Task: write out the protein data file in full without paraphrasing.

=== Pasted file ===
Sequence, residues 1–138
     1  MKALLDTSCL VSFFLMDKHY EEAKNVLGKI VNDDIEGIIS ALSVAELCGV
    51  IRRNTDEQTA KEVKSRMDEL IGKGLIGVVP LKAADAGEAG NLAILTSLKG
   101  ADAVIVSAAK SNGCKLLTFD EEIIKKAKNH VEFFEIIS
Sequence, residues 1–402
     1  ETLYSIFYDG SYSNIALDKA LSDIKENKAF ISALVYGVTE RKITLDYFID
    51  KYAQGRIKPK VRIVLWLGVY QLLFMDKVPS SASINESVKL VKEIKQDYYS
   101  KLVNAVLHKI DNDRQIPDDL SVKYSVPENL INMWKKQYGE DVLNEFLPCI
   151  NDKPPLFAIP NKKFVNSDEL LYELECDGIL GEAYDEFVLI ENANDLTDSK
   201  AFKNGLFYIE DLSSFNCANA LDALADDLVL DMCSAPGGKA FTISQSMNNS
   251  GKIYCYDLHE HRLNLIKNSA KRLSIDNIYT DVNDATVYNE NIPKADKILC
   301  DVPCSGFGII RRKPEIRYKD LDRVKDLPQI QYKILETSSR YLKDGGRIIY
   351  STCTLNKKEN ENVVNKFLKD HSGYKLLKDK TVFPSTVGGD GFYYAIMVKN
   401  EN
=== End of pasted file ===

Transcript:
Sequence, residues 1–138
     1  MKALLDTSCL VSFFLMDKHY EEAKNVLGKI VNDDIEGIIS ALSVAELCGV
    51  IRRNTDEQTA KEVKSRMDEL IGKGLIGVVP LKAADAGEAG NLAILTSLKG
   101  ADAVIVSAAK SNGCKLLTFD EEIIKKAKNH VEFFEIIS
Sequence, residues 1–402
     1  ETLYSIFYDG SYSNIALDKA LSDIKENKAF ISALVYGVTE RKITLDYFID
    51  KYAQGRIKPK VRIVLWLGVY QLLFMDKVPS SASINESVKL VKEIKQDYYS
   101  KLVNAVLHKI DNDRQIPDDL SVKYSVPENL INMWKKQYGE DVLNEFLPCI
   151  NDKPPLFAIP NKKFVNSDEL LYELECDGIL GEAYDEFVLI ENANDLTDSK
   201  AFKNGLFYIE DLSSFNCANA LDALADDLVL DMCSAPGGKA FTISQSMNNS
   251  GKIYCYDLHE HRLNLIKNSA KRLSIDNIYT DVNDATVYNE NIPKADKILC
   301  DVPCSGFGII RRKPEIRYKD LDRVKDLPQI QYKILETSSR YLKDGGRIIY
   351  STCTLNKKEN ENVVNKFLKD HSGYKLLKDK TVFPSTVGGD GFYYAIMVKN
   401  EN